You may consider this, dear readers, act two in the three-act May drama that I’ve come to think of as rhubarb-stravaganza. The tragedy, or perhaps the ecstasy, of being interested in seasonal cooking is that when the window opens for an ingredient — especially if it’s a relatively short window — one must take advantage.
The rhubarb window is open, folks. And here I am, milking it for all it’s worth.
Last week, after all, was vanilla ice cream with rhubarb compote. I don’t want to give anything away, but up next is rhubarb redux — with a pastry shell. And that leaves this post. In which my very patient friend Linda, master canner, answers all the same jammy how-to questions that I always ask her, but this time with specific reference to a certain red stalky fruit.*
I would venture that the fact that Elizabeth came to town, wielding a specific request to be taught the ways of the water-bath, helps with the ‘very patient’ part of Linda’s demeanor. But still, I can’t decide whether to thank her, apologize, or both.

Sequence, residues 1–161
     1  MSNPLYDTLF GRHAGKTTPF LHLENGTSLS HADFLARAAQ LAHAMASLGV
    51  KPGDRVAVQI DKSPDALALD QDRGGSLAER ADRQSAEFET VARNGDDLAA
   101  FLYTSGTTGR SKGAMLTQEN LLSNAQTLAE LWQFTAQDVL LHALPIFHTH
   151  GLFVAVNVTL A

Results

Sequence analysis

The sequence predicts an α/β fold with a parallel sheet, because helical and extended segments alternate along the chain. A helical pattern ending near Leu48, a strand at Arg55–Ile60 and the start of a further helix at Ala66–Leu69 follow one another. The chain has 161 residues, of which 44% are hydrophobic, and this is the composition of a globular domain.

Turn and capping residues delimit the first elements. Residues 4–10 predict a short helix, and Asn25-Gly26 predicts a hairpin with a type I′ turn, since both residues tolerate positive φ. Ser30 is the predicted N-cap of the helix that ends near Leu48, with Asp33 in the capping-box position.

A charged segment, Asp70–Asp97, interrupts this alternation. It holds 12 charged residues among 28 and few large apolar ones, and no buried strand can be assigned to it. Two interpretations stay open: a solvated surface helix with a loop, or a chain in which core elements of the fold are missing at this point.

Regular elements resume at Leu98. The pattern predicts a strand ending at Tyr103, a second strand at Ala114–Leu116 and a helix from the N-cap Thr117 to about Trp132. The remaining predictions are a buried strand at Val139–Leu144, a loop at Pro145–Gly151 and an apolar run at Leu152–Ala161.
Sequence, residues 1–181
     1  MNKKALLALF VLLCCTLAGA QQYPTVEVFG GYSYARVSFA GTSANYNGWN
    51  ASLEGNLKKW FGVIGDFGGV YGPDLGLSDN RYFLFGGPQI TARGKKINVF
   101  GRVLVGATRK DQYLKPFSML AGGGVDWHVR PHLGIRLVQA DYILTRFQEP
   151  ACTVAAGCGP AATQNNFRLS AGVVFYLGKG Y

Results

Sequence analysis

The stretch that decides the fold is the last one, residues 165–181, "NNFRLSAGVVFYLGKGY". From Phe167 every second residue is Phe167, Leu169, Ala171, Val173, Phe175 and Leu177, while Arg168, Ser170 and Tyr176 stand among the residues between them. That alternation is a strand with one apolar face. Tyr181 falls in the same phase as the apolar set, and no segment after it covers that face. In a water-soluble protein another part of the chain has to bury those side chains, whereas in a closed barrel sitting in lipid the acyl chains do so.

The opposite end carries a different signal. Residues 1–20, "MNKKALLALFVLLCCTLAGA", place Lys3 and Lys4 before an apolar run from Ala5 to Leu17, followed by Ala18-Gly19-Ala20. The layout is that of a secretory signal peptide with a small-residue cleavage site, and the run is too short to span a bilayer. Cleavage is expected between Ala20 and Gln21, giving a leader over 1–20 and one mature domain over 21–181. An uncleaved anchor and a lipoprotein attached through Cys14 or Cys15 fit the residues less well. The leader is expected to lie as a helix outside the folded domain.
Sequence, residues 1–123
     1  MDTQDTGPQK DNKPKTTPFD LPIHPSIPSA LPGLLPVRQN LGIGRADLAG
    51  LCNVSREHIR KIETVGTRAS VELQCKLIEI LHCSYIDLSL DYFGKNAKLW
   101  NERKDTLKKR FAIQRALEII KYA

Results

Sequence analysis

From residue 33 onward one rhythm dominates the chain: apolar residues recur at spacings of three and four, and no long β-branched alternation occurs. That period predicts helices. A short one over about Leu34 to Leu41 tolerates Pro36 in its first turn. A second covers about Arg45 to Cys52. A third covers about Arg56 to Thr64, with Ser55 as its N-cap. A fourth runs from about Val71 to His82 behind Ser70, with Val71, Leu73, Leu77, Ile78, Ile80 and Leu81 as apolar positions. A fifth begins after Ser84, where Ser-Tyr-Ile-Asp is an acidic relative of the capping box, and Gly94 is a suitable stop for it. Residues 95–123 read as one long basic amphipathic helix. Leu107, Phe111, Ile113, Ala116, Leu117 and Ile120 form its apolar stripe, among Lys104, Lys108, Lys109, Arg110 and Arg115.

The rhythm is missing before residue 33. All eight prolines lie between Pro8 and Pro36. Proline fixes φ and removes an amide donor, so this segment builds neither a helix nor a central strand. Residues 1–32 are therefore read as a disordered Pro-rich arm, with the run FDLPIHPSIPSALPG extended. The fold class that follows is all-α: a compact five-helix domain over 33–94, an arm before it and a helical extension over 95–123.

At least twice a year, I can with Linda. At least twice a year, she explains to me how it is done. And at least twice a year, I promptly forget everything she’s shown me and proceed to saddle her with a barrage of basic canning queries that I know we’ve been through before.
At any rate, as you’ll see in just a minute, this is a pictorial post, only. The rhubarb vanilla jam depicted here is almost painfully good. But unfortunately, it isn’t mine. It comes from the Food in Jars cookbook by Marisa McClellan, whose fabulous blog I mentioned here last time around.
If you want the recipe, go buy her book. And in the meanwhile, enjoy watching my very skilled friend ply her abilities in the name of disseminating knowledge!
(As always, consider clicking on the photos. They’re much better when viewed large.)
In case you’re interested, the white lids you see in the last picture are Tattler reusable canning lids. Linda recommends them highly.
* While rhubarb is biologically a vegetable, it is legally a fruit in the United States. Don’t ask me why. I have the vague impression that it has something to do with import duties, but then — I’m not a lawyer.